During his statement, Smith highlighted that the bank became an accredited partner institution of both the Adaptation Fund and the Green Climate Fund in 2016.

“The Adaptation Fund and the Green Climate Fund have opened new gateways to much-needed grant and or low-cost financing to address climate change vulnerabilities in all of our BMCs,” Smith told the media.

The president also confirmed that, in 2016, CDB completed negotiations for the replenishment of the Special Development Fund (SDF), the bank’s largest pool of concessionary funds. Contributors agreed to an overall programme of US$355 million for the period 2017-2020, and lowered the SDF interest rate from a range of 2 to 2.5 percent to 1 percent. The programme approved includes US$45 million for Haiti and US$40 million for the Basic Needs Trust Fund. This marked the ninth replenishment of the SDF, which helps meet the Caribbean region’s high-priority development needs.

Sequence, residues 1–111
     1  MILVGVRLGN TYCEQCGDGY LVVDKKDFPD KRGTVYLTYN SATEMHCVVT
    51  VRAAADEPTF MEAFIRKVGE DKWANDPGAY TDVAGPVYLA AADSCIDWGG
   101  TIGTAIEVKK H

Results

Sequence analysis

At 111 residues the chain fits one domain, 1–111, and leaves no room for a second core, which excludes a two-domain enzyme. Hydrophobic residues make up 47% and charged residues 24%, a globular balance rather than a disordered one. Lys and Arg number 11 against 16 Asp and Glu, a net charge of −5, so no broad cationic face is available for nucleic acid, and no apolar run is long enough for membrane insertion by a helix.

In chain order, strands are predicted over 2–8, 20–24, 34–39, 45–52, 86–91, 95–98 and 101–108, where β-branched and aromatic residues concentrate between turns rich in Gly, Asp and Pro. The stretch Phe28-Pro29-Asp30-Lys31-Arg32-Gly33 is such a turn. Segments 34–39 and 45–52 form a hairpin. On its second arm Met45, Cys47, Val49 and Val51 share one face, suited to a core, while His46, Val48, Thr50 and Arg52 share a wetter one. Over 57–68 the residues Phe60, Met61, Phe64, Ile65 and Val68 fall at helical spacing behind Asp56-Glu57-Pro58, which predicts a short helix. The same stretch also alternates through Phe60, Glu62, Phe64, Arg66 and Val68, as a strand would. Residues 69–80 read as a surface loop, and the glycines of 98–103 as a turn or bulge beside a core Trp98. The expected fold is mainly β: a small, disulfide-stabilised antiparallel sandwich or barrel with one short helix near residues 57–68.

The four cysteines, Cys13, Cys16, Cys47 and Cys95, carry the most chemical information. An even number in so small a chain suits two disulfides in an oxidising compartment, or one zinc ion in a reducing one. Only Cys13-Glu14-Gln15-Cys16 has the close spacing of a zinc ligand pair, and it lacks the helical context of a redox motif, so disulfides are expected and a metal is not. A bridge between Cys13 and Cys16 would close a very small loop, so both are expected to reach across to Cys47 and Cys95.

In his statement, Smith also reaffirmed the bank’s commitment to drive sustained and inclusive income growth, complemented by improvements in living standards in its BMCs. This, he said, was critical, as economic growth across the region remains uneven, with fragile recovery expected to continue into 2017.

“At the core of our operations is the desire to better the lives of Caribbean people. That is the context within which we help to design, appraise and evaluate every project we finance,” Smith said.

Credit: Caribbean News Now!

Saint Lucia attends marine workshop

Saint Lucia attends marine workshop

Press Release – Leading marine experts from the Caribbean and the UK are joining up this week at a three-day workshop aiming to support the sustainable growth of marine economies in the region.

In the Caribbean region, Antigua and Barbuda, Belize, Dominica, Grenada, Guyana, Jamaica, Saint Lucia and Saint Vincent and the Grenadines are set to benefit from the Commonwealth Marine Economies (CME) programme workshop.

The marine workshop, hosted by the British High Commission in Kingston Jamaica, is being attended by senior-level representatives from governments, regional agencies, external science agencies, academia and key donors.

The initiative is part of the UK Government funded CME programme, and follows on from similar consultation events held in the Pacific and Indian Ocean regions.

Discussions will focus on what and how shared expertise, collaboration and co-ordination with existing regional projects can best help achieve sustainable blue growth.